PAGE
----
Not to be confused with: other similar-looking bellflower species.

Spiked star-of-Bethlehem (Ornithogalum pyrenaicum)

The plant’s star-like white flowers are said to resemble its famous biblical namesake. It’s also known as Bath asparagus after the English city where it was once harvested and eaten like its more familiar vegetable relative. It’s thought that in recent years numbers may have declined as a result of the loss of mature elm trees to Dutch elm disease.

Habitat: in woodland, scrub or hedgerows.

Status: uncommon but with relatively stable populations.

Not to be confused with: the very similar drooping star-of-Bethlehem.

Yellow bird’s-nest (Monotropa hypopitys)

A ghostly, parasitic plant that emerges from the soil only to flower. Instead of leaves or chlorophyll, it hijacks nutrients from a special kind of fungi, which itself has borrowed them through a close relationship with nearby trees. It’s also known as Dutchman’s pipe thanks to the shape of its nodding flower head.

Habitat: damp or scrubby woodland.

Status: uncommon. Its complex relationship with fungi makes the species vulnerable to decline. 

Not to be confused with: broomrape species.

May lily (Maianthemum bifolium)

Also known as false lily of the valley. The plant’s single stem of white flowers, which typically appears in May as the name would suggest, turns to red berries after pollination. While toxic to humans, these berries are designed to tempt hungry birds which then unwittingly spread the plant’s seeds in their droppings.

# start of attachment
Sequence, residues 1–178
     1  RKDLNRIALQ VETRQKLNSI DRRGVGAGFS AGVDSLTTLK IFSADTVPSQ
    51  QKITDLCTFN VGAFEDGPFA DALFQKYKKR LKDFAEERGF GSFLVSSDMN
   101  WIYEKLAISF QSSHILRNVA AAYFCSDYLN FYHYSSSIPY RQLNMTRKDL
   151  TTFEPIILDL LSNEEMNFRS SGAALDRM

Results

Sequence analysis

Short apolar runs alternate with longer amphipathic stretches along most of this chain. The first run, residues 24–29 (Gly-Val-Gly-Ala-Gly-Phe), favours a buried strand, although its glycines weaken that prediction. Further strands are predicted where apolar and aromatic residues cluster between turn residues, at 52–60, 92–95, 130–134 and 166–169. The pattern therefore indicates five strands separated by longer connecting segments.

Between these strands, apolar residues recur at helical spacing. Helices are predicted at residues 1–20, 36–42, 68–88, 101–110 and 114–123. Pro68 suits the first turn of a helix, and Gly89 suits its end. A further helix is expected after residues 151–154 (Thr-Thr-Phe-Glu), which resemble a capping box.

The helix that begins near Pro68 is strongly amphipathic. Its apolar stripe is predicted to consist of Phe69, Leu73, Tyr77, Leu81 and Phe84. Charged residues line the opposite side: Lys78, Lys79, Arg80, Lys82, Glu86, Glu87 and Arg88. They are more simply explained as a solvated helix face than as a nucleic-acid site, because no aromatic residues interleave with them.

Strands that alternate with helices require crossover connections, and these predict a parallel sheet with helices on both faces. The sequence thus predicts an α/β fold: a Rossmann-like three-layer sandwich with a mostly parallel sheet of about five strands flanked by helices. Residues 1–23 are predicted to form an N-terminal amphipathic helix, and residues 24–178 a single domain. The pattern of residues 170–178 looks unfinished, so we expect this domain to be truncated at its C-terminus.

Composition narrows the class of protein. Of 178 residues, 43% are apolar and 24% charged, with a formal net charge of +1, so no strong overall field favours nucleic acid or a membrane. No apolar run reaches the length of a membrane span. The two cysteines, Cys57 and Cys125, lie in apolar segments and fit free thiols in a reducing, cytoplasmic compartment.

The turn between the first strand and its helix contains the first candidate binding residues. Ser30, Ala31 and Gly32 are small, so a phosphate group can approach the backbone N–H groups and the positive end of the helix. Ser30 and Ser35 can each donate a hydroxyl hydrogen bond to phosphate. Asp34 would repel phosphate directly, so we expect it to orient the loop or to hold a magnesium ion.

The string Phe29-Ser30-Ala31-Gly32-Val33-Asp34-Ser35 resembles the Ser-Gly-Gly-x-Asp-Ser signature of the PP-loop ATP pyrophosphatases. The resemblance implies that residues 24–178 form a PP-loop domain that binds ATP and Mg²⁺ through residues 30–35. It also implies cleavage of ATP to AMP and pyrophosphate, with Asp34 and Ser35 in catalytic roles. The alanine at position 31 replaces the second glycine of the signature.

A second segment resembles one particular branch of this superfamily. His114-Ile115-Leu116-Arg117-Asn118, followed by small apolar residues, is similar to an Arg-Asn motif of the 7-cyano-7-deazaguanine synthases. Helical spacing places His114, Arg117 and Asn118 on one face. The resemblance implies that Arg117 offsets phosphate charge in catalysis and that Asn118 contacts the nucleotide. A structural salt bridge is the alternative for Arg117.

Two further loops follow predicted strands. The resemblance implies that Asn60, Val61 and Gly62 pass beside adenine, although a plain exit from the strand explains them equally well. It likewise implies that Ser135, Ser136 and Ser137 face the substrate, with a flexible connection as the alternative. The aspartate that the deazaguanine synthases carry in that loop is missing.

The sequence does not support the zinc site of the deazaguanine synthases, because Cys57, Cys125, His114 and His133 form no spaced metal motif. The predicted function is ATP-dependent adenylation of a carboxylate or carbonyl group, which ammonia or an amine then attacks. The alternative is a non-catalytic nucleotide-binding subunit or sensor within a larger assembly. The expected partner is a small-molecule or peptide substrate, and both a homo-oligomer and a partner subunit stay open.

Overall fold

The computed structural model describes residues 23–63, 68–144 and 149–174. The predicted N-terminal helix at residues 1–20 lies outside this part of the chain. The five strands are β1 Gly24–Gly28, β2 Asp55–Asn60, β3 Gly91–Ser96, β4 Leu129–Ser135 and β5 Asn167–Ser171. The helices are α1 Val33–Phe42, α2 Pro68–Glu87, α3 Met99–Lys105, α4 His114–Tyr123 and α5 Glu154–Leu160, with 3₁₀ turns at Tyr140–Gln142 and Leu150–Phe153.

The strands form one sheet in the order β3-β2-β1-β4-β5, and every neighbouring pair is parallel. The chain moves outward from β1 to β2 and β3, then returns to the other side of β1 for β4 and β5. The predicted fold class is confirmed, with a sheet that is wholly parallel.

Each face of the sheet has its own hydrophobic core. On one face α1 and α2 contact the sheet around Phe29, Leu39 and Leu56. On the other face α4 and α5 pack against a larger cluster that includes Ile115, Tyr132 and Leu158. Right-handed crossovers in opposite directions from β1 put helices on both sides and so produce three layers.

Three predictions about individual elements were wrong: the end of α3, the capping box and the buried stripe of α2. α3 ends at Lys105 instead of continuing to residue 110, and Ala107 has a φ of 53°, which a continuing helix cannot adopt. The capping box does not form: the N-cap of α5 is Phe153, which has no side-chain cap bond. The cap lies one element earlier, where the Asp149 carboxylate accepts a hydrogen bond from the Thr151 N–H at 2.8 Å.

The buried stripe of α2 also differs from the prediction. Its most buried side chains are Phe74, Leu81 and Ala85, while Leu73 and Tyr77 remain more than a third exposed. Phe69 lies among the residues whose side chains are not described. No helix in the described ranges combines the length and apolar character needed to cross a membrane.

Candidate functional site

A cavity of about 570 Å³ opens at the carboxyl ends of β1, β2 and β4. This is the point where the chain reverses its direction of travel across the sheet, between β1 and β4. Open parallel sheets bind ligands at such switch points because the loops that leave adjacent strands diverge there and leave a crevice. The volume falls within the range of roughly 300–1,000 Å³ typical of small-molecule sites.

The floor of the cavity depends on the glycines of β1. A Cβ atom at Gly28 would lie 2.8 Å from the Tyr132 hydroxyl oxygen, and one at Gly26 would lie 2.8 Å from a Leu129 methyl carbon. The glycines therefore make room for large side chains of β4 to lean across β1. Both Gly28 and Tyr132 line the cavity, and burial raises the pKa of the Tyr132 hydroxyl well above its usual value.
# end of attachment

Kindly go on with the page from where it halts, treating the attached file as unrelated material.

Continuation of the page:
Habitat: prefers woodland with acidic soils, surviving well in woodland replanted with conifers.

Status: rare, with only small, isolated populations remaining.

Not to be confused with: lily-of-the-valley.

Wood calamint (Clinopodium menthifolium)

Named for the minty scent given off by its leaves. Only five patches of the plant remained in the 1950s until the efforts of local conservationists helped protect it from further loss. Today thousands of flowers appear each summer along a road verge bordering a woodland on the Isle of Wight.

Habitat: grows at the edges of woodland and prefers chalky coils.

Status: incredibly rare in the UK but otherwise found across Europe.

Not to be confused with: common or lesser calamint.

Bastard balm (Melittis melissophyllum)

A shade-loving plant that thrives in coppiced woodland. It was traditionally used to treat melancholy as well as a number of other complaints. Its strong scent and distinctive flowers are very attractive to bees, which are guided to nectar by the bright pink tongue of each flower. In England the flowers are otherwise mainly white, but elsewhere they can be completely pink.

Habitat: ancient woodland, scrub and beneath hedges. 

Status: scarce and under threat from overgrazing and too much shading from unmanaged trees.

Not to be confused with: plants from the deadnettle family.

Spiked rampion (Phyteuma spicatum)

Also known as ‘white Rapunzel’, this was the plant stolen by the long-haired heroine in the famous fairytale. It was grown for hundreds of years as a medicinal herb, and its edible roots are still eaten today in some European countries. It relies on woodland coppicing to provide the light it needs to thrive.

Habitat: shady woodland edges, hedgebanks and road verges. Garden escapes have been known to establish themselves.

Status: critically endangered.

Not to be confused with: cultivated varieties found in gardens.

Changing land use and farming practices, the pressures of climate change and other human influences put small and fragile populations of plants at risk of extinction. But with careful woodland restoration and protection of the last remaining fragments of the UK's ancient woodland, there is a future for rare and specialist plants like these. 

Explore the world of wildflowers